The other day, I had a Zoom lesson with a student.
This is something I do very occasionally and may do more of in the future, but probably in a group setting if I decide to. (There are some exciting projects to finish off first though).
Anyway, we had a great call, and I gave Janice some good tips, which she found really useful.
One of them was a little barre chord tip, making the Am to Bm chord change easier.
This is one of those tips that a lot of pro players and experienced guitarists do a lot, but I never see them teaching.
Like a lot of things, I think they assume you know it already.
We all know making assumptions is not good and here’s a funny story about this call.
At the end of the call, we talked about what’s happening the rest of the day.
I said my partner and I were going rock climbing.
…And I also added that I think Archie might like it at some point.
So, we wrapped up the call and later Janice emailed to say how much she enjoyed the call, how she found it useful, and that she hoped me and my partner, Archie, enjoyed climbing!
That was kind of her to say, but the last bit made me laugh.
I can totally see why she thought that Archie was my partner from how I worded things.
In case you don’t know, Archie is my 6-year-old son and Sally is my partner.
It’s funny and a 100% ooops on my part.
I assumed Janice knew that Archie is my son from my emails.
No harm done at all, and this just highlights that I assumed she knew this.
When it comes to the guitar, I really try to avoid assumptions as much as possible when teaching, as there is nothing worse than a teacher assuming you know the basics.
…And in terms of playing, I sometimes see the following two assumptions, which I made myself in the past.
#1 – In the past, I’ve been guilty of assuming other people knew I’d spent about 10 hours or more working on a song and that it was darn difficult to play.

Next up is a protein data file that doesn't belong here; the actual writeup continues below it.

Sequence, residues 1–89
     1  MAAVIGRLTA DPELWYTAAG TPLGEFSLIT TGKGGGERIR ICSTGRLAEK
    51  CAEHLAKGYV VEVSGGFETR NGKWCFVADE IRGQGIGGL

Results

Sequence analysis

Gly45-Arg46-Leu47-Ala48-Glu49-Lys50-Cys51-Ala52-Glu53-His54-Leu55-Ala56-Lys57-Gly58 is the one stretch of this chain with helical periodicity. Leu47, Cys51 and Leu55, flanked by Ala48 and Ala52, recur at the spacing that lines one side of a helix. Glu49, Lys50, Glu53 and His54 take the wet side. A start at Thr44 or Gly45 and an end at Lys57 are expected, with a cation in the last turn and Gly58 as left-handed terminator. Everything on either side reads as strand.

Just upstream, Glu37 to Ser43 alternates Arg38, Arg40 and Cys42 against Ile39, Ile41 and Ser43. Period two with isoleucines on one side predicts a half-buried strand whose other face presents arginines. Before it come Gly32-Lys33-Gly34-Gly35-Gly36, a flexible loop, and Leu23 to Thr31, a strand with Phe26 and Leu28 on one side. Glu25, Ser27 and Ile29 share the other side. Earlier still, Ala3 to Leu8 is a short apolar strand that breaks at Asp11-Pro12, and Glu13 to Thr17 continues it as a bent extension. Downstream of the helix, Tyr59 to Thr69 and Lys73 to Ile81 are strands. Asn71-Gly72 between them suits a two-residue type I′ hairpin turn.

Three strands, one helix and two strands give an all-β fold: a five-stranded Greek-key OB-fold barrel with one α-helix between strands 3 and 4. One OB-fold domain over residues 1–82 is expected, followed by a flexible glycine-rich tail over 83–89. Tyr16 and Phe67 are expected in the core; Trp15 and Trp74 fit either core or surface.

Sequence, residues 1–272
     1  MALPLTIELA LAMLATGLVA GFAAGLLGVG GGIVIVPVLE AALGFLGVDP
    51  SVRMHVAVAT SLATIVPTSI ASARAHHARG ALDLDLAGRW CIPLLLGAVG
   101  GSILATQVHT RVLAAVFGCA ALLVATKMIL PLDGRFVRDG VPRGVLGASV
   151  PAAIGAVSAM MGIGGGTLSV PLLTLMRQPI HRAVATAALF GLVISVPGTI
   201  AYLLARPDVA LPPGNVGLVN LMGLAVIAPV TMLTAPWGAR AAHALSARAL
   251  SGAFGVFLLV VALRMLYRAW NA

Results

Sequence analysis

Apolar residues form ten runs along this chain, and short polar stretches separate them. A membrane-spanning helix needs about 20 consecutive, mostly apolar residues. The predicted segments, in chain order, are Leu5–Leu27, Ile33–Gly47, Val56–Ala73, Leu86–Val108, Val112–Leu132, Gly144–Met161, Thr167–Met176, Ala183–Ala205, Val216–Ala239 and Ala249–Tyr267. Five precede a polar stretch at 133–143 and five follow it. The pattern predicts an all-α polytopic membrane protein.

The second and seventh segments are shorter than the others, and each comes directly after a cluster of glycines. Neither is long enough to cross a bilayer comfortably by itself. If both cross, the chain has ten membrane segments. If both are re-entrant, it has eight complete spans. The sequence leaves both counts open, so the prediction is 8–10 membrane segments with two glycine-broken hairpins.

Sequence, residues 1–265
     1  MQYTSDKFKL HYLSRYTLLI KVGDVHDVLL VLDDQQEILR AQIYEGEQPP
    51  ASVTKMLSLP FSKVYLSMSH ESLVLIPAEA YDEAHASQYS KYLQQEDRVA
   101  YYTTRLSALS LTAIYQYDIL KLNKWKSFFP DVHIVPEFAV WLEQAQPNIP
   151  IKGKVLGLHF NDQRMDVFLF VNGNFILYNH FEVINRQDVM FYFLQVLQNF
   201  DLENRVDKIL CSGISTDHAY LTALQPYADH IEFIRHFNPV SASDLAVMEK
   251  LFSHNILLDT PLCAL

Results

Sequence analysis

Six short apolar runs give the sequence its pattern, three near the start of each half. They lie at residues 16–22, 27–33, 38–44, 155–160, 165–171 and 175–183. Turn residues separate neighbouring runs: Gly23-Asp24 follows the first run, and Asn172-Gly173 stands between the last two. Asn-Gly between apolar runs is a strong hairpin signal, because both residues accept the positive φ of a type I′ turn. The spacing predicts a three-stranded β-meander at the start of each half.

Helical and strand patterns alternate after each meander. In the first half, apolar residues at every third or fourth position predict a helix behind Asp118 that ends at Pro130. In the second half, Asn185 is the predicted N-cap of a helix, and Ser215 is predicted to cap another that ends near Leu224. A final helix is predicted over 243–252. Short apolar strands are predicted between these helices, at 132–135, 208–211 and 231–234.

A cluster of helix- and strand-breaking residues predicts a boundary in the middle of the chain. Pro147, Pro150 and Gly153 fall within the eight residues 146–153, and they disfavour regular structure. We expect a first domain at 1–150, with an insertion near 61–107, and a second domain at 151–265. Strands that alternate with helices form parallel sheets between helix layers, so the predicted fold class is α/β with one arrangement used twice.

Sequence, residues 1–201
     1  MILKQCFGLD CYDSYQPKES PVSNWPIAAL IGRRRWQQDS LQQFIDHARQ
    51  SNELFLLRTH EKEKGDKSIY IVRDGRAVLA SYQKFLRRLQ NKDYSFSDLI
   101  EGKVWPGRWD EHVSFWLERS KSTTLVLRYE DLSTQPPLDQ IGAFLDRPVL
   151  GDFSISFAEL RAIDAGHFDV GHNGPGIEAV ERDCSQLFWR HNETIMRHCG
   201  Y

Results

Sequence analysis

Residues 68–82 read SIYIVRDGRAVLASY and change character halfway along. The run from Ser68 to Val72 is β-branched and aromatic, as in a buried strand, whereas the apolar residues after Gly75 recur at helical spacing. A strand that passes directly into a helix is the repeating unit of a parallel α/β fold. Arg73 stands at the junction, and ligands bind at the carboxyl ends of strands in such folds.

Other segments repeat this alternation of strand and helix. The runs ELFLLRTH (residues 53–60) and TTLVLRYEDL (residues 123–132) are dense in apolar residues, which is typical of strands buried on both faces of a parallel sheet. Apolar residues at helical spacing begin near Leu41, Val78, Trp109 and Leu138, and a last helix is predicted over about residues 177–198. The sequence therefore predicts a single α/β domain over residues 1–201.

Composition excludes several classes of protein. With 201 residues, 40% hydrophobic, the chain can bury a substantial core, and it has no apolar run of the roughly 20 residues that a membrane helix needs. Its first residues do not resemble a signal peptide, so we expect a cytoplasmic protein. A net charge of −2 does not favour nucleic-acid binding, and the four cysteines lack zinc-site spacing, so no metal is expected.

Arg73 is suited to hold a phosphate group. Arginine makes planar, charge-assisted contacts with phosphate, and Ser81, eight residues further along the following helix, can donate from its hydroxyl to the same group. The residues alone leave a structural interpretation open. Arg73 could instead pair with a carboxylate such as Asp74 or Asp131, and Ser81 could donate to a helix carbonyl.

So, I thought they would give me slack when I made a little error.
Nope, unless they’ve played an instrument, I’ve found most people (not all though) simply have no idea how much time and effort we’ve put into the guitar.
If only they knew, ha-ha.
This made me quickly realise that when playing in front of others, even if they are just in the same room but not really listening…
It’s far better to play something simple and recognisable and do it well than play something complex with mistakes or just okay.
It would always get a better reaction this way.
#2 – Another assumption I used to make was that my songs will get better if I simply practise them more and more.
Sometimes they did.
Sometimes it felt like a solar eclipse would happen before my songs improved though.
The truth is, to improve something, we have to practise it with focus, and we have to work on fixing the weak spots in the song.
Both of these things are as important as the time spent on the song.
10 minutes of laser-focused practice on a piece of music is often far better than 30 minutes of very casual, not very focused practice.
Anyway, that’s just my thoughts on a couple of common assumptions I made (one comical and two relevant to guitarists).
I hope that was helpful and gave you a chuckle this Sunday.
Tomorrow is the start of a new week and a great day to get to making some awesome progress.
P.S. If you want to have fun and learn the blues, you may want to check this out…
It’s a good fun course where each step is taught from the ground up, and unlike a lot of tuition on the blues, there are no assumptions made here. All the fundamentals are covered, which leads to the fun riffs and licks. It’s all in the course.
P.P.S. This post was originally taken from Dan Thorpe’s private email list. To get blog posts like this sent to you which are full of great tips to make fingerpicking, strumming, and learning guitar more enjoyable (especially if you are over 40) join Dan’s list. It’s 100% free, HERE.